By KATHY MATHESON, The Associated Press
Kourtnay Loughin waits with neighbors for her home to be tested by officials for an odor that begun a voluntary evacuation, Monday, July 14, 2014, in Skippack, Pa. Residents of 150 suburban Philadelphia homes are being allowed to return as their houses are tested after a voluntary evacuation overnight due to a mysterious odor. Officials are awaiting lab results to try to identify the substance responsible for Sunday evening’s problem in the neighborhood in Skippack. (AP Photo/Matt Rourke)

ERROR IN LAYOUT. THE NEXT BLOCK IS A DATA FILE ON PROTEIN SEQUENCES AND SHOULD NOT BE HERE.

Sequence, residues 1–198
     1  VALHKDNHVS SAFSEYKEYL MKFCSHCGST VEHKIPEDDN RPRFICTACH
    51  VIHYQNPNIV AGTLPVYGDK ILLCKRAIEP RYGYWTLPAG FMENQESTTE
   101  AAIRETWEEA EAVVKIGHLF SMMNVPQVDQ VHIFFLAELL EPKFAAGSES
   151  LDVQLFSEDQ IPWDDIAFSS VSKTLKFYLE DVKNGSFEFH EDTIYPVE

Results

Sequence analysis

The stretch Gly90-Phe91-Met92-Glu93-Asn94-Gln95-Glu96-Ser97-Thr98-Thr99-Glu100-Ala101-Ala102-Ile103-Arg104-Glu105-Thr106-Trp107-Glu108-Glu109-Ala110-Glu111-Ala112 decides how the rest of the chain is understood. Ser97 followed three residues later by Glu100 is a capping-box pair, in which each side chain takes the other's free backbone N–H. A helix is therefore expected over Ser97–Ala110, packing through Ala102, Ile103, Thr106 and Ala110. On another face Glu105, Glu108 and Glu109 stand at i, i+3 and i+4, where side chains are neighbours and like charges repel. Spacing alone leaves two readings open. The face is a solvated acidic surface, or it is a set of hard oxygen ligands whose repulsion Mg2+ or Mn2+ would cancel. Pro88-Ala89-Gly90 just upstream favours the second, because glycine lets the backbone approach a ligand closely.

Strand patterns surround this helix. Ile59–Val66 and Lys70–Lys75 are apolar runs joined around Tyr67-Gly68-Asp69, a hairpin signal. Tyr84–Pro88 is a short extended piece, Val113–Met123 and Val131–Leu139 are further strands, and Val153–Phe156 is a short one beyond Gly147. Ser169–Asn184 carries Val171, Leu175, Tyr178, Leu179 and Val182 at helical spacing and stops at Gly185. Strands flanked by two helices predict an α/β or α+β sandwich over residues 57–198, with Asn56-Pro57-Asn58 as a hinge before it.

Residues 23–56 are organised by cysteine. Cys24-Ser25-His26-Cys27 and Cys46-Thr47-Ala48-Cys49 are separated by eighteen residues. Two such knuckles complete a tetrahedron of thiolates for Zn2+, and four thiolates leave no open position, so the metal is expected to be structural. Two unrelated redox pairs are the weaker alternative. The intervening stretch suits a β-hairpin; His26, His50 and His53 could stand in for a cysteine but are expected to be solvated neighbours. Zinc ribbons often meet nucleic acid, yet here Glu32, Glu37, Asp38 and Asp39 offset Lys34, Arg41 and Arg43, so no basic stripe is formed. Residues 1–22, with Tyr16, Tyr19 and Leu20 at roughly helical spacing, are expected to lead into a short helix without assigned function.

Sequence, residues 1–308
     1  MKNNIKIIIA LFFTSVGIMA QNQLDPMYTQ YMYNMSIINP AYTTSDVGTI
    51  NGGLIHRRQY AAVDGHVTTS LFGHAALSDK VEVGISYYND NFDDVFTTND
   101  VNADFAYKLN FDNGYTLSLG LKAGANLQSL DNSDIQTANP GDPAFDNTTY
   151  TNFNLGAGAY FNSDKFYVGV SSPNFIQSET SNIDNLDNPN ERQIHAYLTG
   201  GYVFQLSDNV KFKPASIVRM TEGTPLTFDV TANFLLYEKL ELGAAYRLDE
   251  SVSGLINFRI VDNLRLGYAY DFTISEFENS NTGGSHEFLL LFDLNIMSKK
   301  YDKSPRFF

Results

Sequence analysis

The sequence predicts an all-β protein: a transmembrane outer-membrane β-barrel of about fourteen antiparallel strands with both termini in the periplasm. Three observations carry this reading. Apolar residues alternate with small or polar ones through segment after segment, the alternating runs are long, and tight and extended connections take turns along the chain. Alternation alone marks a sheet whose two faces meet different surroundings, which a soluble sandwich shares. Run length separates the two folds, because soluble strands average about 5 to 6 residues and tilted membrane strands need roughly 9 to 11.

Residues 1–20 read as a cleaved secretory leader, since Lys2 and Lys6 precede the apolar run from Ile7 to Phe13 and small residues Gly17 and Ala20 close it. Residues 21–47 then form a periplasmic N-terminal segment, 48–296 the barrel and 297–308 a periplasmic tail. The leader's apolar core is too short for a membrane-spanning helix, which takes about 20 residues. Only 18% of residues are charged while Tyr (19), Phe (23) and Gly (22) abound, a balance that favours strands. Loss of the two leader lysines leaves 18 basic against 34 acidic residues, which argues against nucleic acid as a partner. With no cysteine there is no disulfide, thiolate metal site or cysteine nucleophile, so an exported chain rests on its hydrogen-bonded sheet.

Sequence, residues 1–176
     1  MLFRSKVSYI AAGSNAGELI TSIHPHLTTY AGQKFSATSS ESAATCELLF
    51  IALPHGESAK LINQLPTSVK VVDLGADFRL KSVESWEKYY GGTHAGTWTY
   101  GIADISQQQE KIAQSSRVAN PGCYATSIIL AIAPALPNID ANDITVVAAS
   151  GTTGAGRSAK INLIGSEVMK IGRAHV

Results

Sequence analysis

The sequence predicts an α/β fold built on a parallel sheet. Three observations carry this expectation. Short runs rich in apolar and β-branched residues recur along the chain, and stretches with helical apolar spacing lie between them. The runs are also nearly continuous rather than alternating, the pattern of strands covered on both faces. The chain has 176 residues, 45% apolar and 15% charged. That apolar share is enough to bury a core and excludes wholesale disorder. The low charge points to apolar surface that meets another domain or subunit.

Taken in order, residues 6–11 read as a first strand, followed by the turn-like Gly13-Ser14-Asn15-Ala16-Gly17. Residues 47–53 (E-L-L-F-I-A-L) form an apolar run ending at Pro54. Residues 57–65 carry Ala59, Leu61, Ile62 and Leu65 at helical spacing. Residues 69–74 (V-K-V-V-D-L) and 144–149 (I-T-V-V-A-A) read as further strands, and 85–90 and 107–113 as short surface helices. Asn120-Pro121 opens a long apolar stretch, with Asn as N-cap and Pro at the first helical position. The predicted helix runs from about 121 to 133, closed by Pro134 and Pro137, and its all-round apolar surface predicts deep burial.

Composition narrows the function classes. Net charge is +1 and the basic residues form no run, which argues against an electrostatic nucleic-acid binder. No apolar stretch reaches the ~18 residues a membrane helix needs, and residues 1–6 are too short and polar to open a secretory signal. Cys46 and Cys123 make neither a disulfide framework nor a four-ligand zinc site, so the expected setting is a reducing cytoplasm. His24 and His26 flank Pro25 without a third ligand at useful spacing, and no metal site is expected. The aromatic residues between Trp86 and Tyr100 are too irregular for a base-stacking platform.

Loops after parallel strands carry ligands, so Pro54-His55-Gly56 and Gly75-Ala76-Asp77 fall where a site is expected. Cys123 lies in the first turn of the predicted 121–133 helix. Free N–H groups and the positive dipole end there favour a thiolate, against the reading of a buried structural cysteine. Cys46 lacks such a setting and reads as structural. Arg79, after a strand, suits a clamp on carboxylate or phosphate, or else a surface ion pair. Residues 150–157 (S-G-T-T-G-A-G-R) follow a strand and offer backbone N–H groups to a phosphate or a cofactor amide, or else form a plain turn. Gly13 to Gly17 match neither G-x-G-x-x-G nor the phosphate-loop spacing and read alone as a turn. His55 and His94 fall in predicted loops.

SKIPPACK, Pa. (AP) - Gasoline-tainted groundwater caused the mysterious smell that led to a voluntary evacuation of more than 150 homes in suburban Philadelphia, authorities said Monday.The noxious odor primarily affected three townhouses in Skippack after contaminated water got into the sump pumps, officials said. Firefighters were flushing those pumps with fresh water and airing out the homes with fans on Monday evening."We're relieved and hopeful that what they're doing will fix it," said resident Kourtnay Loughin, who called 911 about the "very, very unpleasant" smell on Sunday evening.Officials don't know how the gas got into the groundwater, but Fire Chief Haydn Marriott said residents' health was not in danger. He also noted the substance was found in a system with sealed pipes, creating little chance of contamination to the surrounding area's water supply.Firefighters and environmental officials used sensors Sunday night to try to identify the problem. Residents of more than 150 townhouses were asked to leave after chemical odors were detected at several units.Metered equipment originally indicated the presence of hydrogen cyanide, a poisonous gas, in the homes, but officials later said those readings were false positives. No signs of illness were reported.By Monday morning, Marriott said authorities had determined sump pumps as the source of the smell, but could not identify its composition. As labs began analyzing samples, officials retested some houses and allowed owners to return after finding no danger.Loughin's unit and the two next door registered high levels of the chemical odor."It's more of an annoyance than anything," Marriott said.Readings in 25 other units Monday found "negligible" levels of chemicals, likely attributable to common household items, he said. The rest of the townhomes had no detectable chemical compounds.Marriott said his department spoke to the water authority several times Sunday. "They assured us that there was no problem with the water, that they were going to take care of the testing on their end," he said.Officials plan to monitor the affected homes in the coming days.
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